This is not rocket science. It is easy to do with another hand bearing compass.
1. Look around your compass and check to see if there are any significant steel or iron items nearby (consider pots and pans under the bulkhead where the compass is mounted.) If so, move them and note whether or not the compass needle moves at all and how much.
2. Take a bearing on a distant object with the boats compass (head the boat directly toward the object and check bearing).
3. Get as far as possible from your iron keel by standing on your boom and take the same reading with your hand compass. Try leaning way back off your stern rails and do it. Any Diff tween that bearing taken in step 2 and this one? If you cannot see any difference, then your deviation is too small to worry about.
4. IF you see a diff (say > 5 degrees) then you need to take addtl steps. Note on your chart the actual bearing from one known nav aid buoy to another, compare to to what your boats compass says. Subtract (or add) known variation printed on your chart and compare again, the diff is your deviation (for that nearing). In general, at low latitudes, the diff in deviation between any bearings will be small.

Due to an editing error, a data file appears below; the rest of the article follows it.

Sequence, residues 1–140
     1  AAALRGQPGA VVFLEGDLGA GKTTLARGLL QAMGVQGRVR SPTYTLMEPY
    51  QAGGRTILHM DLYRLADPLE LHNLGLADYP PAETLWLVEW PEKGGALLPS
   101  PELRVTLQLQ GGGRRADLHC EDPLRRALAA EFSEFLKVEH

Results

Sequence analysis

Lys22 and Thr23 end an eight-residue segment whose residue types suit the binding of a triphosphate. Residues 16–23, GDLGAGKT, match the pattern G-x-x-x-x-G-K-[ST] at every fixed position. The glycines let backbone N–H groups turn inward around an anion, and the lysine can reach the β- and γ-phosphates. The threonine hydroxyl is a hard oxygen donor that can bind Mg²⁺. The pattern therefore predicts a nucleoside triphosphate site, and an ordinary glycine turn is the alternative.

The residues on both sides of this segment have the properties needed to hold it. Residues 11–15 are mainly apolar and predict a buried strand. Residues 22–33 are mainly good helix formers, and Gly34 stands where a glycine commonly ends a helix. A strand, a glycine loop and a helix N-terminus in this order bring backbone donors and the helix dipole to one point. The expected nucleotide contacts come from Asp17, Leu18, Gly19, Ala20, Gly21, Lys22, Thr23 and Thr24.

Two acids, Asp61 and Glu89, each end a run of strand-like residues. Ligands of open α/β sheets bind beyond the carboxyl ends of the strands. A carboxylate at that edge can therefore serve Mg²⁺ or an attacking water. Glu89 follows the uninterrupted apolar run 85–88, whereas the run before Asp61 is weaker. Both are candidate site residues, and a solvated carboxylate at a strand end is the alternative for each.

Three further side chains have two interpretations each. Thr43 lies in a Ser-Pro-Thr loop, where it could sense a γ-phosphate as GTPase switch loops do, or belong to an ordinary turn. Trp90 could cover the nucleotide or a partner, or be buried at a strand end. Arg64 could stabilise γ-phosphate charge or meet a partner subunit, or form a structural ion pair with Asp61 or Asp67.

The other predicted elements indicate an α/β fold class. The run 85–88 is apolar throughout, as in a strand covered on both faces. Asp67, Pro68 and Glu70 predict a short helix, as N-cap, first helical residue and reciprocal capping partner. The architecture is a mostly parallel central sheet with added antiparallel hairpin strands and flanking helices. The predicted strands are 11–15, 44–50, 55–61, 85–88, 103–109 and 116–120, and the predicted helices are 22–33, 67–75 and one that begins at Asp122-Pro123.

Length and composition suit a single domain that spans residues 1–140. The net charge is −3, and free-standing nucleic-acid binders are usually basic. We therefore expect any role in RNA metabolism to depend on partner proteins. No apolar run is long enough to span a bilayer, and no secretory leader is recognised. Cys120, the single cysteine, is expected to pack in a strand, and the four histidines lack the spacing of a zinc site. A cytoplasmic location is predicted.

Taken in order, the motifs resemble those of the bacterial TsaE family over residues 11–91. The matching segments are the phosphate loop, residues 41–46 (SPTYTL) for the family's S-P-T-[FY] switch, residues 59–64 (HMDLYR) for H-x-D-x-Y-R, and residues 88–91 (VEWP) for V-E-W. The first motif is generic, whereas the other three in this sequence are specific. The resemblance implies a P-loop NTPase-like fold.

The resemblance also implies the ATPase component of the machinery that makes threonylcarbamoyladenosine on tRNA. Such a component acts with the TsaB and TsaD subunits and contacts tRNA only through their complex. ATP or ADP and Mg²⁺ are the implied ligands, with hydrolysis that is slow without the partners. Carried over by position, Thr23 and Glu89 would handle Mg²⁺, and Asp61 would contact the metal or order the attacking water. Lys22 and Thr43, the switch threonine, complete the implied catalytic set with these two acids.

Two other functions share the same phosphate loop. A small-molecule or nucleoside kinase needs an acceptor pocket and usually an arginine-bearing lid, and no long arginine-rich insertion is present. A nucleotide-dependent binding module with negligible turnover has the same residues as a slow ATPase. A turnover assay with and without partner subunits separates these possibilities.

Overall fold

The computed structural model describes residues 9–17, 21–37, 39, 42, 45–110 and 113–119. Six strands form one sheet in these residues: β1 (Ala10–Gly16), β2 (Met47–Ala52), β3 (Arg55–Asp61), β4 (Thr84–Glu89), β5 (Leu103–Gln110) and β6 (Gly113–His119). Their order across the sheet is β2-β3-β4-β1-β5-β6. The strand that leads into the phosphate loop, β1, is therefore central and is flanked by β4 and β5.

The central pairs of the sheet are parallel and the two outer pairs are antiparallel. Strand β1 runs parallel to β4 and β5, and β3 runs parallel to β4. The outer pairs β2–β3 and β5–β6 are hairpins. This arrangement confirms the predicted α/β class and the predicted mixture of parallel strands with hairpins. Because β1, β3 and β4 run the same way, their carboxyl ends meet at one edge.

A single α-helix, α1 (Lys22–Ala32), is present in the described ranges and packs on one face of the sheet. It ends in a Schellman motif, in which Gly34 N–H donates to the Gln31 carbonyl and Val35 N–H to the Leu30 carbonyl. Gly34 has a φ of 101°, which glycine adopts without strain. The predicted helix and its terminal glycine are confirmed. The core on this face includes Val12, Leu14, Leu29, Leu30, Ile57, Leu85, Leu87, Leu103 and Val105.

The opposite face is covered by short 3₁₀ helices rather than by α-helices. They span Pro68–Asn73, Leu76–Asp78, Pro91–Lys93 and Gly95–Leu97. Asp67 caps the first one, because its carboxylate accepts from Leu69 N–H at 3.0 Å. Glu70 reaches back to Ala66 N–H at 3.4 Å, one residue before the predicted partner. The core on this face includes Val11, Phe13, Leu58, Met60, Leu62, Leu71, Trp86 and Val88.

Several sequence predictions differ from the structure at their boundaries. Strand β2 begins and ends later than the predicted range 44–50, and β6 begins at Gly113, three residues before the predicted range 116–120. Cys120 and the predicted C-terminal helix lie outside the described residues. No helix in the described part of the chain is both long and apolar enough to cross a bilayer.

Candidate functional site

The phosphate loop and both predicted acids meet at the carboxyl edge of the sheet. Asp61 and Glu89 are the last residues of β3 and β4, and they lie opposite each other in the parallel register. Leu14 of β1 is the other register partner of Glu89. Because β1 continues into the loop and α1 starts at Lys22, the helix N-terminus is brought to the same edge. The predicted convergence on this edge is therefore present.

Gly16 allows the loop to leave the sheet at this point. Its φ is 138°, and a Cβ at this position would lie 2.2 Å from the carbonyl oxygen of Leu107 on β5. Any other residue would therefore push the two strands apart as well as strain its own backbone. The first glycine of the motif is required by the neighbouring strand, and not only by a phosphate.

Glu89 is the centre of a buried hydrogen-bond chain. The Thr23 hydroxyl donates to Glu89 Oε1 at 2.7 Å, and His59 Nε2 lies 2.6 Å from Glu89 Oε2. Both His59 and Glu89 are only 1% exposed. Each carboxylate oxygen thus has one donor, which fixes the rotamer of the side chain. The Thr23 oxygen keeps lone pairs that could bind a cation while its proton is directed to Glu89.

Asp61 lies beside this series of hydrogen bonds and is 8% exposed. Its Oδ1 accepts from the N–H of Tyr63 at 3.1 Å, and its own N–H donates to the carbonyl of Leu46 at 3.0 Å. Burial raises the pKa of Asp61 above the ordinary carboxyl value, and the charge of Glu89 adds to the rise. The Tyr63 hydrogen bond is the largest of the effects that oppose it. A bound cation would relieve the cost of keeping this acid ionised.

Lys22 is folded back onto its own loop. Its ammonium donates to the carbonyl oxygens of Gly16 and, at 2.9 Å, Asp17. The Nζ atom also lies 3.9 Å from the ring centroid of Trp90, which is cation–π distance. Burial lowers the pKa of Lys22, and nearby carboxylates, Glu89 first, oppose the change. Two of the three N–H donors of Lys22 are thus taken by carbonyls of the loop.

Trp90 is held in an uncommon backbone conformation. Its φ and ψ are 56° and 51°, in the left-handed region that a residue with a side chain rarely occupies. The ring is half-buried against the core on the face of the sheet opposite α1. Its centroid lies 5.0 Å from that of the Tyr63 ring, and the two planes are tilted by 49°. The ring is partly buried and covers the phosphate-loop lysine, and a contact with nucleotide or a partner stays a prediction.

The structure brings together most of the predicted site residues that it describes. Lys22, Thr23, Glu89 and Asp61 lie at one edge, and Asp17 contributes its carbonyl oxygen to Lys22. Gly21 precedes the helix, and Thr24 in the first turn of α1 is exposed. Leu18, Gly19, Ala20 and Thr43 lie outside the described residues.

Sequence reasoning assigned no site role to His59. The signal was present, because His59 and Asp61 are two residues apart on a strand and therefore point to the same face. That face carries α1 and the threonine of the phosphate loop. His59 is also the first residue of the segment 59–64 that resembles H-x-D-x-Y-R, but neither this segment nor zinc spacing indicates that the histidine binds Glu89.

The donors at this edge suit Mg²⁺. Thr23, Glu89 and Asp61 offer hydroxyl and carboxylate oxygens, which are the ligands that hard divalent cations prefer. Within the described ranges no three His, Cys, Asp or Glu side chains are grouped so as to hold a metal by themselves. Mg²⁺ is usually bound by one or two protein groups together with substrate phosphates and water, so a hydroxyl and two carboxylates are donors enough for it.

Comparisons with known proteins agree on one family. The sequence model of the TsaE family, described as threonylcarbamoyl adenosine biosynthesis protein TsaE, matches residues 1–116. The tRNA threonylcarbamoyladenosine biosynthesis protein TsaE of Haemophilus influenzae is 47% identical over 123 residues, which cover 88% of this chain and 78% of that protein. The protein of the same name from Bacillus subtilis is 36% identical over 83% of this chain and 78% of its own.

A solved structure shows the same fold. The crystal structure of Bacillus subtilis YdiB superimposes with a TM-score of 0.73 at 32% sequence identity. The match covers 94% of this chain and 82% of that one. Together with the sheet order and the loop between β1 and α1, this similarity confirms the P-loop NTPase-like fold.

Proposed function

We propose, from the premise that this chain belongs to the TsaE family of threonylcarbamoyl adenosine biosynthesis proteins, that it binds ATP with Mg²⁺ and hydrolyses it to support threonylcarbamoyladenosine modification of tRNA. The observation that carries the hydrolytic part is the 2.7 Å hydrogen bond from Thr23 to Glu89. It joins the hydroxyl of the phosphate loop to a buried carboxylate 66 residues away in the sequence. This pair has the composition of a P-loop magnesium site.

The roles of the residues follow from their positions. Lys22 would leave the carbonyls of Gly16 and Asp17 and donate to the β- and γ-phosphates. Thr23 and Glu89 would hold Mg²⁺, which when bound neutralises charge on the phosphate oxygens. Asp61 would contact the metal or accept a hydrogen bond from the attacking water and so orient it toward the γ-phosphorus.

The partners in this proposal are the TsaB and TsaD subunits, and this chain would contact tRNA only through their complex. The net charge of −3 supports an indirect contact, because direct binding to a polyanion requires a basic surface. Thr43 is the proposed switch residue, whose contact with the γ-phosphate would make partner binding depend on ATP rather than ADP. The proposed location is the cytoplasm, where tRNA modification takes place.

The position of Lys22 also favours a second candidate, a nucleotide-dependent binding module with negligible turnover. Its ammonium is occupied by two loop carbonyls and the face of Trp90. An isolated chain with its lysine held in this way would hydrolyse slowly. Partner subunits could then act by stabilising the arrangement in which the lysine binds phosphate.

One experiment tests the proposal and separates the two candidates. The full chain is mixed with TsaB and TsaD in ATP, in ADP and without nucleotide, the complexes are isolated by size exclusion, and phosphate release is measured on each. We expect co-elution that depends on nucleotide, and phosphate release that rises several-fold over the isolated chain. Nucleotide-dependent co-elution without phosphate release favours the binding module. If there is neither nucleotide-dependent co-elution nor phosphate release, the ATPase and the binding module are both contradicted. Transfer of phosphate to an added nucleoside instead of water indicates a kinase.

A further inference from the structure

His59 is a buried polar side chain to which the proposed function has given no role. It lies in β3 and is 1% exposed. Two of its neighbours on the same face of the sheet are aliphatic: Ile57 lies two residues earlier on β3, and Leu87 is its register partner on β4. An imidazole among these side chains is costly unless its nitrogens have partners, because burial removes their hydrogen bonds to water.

In almost all cases for a fiberglass sailboat with no ferromagnetic items near the compass, the deviation will be small, even with an iron keel. The VARIATION can be significant. In the Abacos, it is about -10 degrees meaning you have to add 10to what your compass says.
Thanks. Lots of good replies here. Will construct a deviation chart over winter for use during spring and summer voyaging.